Visavadiya, N.P. and Springer, J.E. Altered cerebellar circuitry following thoracic spinal cord injury in adult rats. Neural Plasticity, Volume 2016, Article ID 8181393, http://dx.doi.org/10.1155/2016/8181393, 2016.
Wang, W.X. and Springer, J.E. Role of mitochondria in regulating miRNA activity and its relevance to the central nervous system. Neural Regeneration Research 10(7):1026-1028, 2015.
Nagar, V.R., Springer, J.E., and Salles, S.S. Increased incidence of spinal abscess and drug abuse after implementation of strict state controlled substances prescription drug abuse legislation. Pain Medicine 16:2031-2035, 2015.
*Wang, W.X., Visavadiya, N.P., Pandya, J., Nelson, P.T., Sullivan, P.G., and Springer, J.E. Identification and response to of mitochondria-associated miRNA in rat hippocampus following traumatic brain injury. Exp. Neurol. 265:84-93, 2015. (*most viewed Experimental Neurology publication in 2015).
Chen A, Sun S, Ravikumar R, Visavadiya NP, Springer JE. Differential proteomic analysis of acute contusive spinal cord injury in rats using iTRAQ reagent labeling and LC-MS/MS. Neurochem Res. 2013 Nov;38(11):2247-55. doi: 10.1007/s11064-013-1132-y. Epub 2013 Aug 21. PubMed PMID: 23963509.
Readnower RD, Pandya JD, McEwen ML, Pauly JR, Springer JE, Sullivan PG. Post-injury administration of the mitochondrial permeability transition pore inhibitor, NIM811, is neuroprotective and improves cognition after traumatic brain injury in rats. J Neurotrauma. 2011 Sep;28(9):1845-53. doi: 10.1089/neu.2011.1755. Epub 2011 Aug 29. PubMed PMID: 21875332; PubMed Central PMCID: PMC3172877.
Rabchevsky AG, Patel SP, Springer JE. Pharmacological interventions for spinal cord injury: where do we stand? How might we step forward? Pharmacol Ther. 2011 Oct;132(1):15-29. doi: 10.1016/j.pharmthera.2011.05.001. Epub 2011 May 14. Review. PubMed PMID: 21605594.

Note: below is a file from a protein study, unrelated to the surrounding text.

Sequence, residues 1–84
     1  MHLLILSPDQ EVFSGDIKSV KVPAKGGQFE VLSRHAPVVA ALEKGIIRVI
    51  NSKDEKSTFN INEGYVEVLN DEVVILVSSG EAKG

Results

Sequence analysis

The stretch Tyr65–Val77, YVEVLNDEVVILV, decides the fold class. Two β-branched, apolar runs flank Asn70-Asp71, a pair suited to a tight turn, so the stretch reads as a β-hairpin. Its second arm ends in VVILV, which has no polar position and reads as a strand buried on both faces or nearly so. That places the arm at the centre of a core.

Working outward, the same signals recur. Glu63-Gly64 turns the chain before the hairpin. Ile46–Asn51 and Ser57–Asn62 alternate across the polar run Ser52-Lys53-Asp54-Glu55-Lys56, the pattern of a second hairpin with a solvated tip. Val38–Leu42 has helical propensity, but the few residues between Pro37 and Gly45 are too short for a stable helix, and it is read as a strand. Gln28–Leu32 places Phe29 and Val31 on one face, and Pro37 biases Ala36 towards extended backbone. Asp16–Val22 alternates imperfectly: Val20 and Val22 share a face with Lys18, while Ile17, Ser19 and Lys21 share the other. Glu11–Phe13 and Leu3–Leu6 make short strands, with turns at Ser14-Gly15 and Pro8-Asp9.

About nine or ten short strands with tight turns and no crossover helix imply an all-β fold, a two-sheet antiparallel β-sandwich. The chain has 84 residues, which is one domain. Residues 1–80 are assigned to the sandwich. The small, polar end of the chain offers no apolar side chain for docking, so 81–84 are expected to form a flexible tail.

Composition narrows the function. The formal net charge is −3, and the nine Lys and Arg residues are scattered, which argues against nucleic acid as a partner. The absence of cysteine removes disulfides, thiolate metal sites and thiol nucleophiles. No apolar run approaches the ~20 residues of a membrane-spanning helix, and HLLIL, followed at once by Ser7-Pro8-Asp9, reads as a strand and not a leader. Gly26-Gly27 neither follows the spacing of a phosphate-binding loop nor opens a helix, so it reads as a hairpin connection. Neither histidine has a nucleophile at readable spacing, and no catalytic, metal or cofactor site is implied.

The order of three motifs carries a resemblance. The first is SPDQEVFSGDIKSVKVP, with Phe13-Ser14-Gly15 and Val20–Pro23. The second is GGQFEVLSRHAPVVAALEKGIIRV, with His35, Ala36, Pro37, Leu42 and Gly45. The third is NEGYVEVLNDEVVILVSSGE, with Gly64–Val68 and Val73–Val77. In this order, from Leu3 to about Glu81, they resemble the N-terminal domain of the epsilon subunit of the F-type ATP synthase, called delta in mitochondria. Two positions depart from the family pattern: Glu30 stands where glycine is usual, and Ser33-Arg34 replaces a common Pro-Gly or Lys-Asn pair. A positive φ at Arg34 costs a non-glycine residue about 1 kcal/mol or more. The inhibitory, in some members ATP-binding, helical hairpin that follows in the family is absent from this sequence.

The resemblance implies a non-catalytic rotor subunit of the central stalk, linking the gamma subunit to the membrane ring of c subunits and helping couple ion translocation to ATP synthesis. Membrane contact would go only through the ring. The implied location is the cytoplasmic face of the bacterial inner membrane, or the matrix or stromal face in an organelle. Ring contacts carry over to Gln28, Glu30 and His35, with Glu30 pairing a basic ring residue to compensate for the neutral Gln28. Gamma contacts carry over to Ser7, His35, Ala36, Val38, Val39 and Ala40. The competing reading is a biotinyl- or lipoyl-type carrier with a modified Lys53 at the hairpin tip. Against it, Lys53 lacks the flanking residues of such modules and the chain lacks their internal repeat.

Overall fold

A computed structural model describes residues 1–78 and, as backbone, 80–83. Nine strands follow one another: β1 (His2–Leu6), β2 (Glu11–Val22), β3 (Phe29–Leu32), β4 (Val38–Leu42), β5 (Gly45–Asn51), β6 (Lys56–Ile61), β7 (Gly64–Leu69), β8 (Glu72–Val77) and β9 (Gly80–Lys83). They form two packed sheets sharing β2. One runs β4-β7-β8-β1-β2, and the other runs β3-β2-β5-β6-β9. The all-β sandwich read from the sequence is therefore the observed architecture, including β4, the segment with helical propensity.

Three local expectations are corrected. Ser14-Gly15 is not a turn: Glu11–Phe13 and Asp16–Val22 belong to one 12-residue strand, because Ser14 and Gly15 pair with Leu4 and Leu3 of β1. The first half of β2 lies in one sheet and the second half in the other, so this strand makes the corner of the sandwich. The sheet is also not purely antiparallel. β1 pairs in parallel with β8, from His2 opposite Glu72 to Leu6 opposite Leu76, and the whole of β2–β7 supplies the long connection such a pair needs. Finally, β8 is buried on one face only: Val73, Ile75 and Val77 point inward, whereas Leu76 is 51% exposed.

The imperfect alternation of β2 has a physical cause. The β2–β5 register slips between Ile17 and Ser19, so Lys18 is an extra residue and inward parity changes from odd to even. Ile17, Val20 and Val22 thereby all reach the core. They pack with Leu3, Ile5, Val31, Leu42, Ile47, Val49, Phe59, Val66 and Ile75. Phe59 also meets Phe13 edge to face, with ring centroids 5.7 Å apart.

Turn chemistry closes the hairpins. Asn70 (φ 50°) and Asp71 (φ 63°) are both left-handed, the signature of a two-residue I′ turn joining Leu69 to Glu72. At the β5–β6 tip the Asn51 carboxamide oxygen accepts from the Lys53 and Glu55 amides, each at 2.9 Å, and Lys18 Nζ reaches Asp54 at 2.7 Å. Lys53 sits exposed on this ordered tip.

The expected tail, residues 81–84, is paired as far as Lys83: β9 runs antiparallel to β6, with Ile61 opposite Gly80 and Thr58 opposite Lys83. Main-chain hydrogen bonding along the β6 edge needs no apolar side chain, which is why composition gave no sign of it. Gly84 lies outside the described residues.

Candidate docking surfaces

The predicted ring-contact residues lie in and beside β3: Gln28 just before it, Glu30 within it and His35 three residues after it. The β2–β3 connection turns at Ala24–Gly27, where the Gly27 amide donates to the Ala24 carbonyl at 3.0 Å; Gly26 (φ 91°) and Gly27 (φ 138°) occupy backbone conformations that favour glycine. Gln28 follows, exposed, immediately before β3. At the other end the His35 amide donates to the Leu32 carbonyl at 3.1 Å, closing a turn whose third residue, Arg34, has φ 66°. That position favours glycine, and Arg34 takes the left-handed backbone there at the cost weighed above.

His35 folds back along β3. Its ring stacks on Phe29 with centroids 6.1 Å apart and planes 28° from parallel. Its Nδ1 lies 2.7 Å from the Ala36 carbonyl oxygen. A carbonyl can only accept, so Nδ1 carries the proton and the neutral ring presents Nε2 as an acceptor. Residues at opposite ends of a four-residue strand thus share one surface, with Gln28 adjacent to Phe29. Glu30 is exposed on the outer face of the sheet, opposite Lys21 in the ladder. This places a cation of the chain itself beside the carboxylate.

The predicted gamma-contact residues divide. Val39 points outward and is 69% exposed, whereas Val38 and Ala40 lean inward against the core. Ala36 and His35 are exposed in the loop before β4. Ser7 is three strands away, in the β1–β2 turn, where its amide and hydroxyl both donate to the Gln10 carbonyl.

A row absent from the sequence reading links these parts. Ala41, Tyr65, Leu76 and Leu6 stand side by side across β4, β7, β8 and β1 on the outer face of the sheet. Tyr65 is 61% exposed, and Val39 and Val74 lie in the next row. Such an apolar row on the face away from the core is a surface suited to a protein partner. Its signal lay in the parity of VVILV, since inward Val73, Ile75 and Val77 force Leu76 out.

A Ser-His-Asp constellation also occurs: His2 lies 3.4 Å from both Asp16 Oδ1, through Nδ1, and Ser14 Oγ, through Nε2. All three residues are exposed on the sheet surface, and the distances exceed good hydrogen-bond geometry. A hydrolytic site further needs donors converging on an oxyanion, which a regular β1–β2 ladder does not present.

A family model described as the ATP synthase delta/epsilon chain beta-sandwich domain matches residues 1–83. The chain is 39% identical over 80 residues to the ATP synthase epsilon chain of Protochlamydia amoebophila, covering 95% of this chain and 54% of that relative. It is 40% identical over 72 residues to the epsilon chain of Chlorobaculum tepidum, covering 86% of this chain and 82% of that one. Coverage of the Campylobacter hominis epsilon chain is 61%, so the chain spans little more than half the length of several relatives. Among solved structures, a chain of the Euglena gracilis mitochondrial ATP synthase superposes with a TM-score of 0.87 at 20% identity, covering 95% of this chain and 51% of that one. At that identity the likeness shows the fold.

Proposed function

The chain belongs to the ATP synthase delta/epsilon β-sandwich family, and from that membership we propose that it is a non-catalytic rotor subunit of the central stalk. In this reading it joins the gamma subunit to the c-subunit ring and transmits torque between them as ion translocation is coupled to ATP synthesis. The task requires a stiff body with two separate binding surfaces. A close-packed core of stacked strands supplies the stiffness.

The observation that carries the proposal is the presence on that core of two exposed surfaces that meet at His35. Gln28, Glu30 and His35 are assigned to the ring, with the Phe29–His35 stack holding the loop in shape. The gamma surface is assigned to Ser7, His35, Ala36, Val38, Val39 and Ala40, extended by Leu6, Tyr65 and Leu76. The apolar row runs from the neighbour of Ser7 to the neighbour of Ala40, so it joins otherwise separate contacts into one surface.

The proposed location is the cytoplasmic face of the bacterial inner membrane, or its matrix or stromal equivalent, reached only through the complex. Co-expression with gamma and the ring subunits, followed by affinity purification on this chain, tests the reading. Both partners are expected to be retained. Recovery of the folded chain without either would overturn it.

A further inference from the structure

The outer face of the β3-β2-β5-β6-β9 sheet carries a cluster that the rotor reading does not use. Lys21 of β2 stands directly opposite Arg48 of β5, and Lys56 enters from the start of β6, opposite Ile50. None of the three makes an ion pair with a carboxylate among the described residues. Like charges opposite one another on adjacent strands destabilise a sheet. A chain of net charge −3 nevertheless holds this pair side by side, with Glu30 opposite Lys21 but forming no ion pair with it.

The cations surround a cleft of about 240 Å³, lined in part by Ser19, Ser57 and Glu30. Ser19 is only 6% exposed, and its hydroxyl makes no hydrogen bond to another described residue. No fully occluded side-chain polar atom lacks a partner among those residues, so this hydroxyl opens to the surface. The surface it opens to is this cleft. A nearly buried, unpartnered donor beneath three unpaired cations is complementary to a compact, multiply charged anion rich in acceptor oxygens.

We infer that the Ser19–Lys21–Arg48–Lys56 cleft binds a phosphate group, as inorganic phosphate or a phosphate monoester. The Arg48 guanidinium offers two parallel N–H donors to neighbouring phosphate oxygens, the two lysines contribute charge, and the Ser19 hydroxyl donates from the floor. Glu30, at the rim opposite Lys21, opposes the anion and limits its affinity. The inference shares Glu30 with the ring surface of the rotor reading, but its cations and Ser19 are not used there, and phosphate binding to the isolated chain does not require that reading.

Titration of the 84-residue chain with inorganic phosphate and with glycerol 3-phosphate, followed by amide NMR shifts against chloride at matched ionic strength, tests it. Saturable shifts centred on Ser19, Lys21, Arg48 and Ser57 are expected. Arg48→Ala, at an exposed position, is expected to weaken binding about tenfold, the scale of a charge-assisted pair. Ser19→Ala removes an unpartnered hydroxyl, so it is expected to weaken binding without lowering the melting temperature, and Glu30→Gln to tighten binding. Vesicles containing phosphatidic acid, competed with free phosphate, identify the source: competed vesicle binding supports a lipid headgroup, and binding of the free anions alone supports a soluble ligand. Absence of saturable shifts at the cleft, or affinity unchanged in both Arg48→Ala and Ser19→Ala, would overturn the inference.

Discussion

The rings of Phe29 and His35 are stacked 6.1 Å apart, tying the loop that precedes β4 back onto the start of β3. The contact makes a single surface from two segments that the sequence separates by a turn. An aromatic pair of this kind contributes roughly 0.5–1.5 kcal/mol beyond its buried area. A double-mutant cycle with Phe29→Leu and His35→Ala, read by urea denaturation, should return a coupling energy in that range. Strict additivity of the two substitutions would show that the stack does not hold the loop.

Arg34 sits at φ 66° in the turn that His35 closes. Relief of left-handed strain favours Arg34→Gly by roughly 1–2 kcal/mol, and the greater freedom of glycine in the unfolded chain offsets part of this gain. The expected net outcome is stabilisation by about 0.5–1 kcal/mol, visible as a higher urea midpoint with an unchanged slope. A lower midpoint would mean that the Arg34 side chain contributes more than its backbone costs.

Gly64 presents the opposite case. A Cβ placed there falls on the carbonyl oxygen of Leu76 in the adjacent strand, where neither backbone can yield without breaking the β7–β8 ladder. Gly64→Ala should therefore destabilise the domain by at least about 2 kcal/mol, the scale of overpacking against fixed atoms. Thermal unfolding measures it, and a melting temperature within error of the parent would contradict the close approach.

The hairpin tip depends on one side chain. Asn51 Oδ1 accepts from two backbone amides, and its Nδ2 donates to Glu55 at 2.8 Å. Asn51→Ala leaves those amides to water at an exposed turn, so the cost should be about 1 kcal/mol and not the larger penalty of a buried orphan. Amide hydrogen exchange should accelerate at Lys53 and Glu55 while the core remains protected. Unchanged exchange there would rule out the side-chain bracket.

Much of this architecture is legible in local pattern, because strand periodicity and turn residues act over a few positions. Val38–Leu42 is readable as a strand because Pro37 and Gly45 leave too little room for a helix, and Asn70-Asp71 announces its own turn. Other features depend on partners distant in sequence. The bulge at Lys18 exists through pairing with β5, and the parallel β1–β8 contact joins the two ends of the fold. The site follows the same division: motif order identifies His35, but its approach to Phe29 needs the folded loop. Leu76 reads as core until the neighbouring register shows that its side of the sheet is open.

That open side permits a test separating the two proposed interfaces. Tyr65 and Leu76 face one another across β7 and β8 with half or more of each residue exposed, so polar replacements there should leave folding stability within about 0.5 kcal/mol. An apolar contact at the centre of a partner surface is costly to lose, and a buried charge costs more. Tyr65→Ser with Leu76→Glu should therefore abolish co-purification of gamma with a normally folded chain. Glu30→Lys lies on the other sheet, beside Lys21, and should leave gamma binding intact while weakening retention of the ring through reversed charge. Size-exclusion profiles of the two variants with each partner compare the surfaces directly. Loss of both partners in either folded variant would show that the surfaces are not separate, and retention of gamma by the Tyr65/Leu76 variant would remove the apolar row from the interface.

McEwen ML, Sullivan PG, Rabchevsky AG, Springer JE. Targeting mitochondrial function for the treatment of acute spinal cord injury. Neurotherapeutics. 2011 Apr;8(2):168-79. doi: 10.1007/s13311-011-0031-7. Review. PubMed PMID: 21360236; PubMed Central PMCID: PMC3101832.
Chen A, McEwen ML, Sun S, Ravikumar R, Springer JE. Proteomic and phosphoproteomic analyses of the soluble fraction following acute spinal cord contusion in rats. J Neurotrauma. 2010 Jan;27(1):263-74. doi: 10.1089/neu.2009.1051. PubMed PMID: 19691422; PubMed Central PMCID: PMC2864456.
Mbye LH, Singh IN, Sullivan PG, Springer JE, Hall ED. Attenuation of acute mitochondrial dysfunction after traumatic brain injury in mice by NIM811, a non-immunosuppressive cyclosporin A analog. Exp Neurol. 2008 Jan;209(1):243-53. Epub 2007 Oct 5. PubMed PMID: 18022160.
Ravikumar R, McEwen ML, Springer JE. Post-treatment with the cyclosporin derivative, NIM811, reduced indices of cell death and increased the volume of spared tissue in the acute period following spinal cord contusion. J Neurotrauma. 2007 Oct;24(10):1618-30. PubMed PMID: 17970625.
McEwen ML, Sullivan PG, Springer JE. Pretreatment with the cyclosporin derivative, NIM811, improves the function of synaptic mitochondria following spinal cord contusion in rats. J Neurotrauma. 2007 Apr;24(4):613-24. PubMed PMID: 17439345.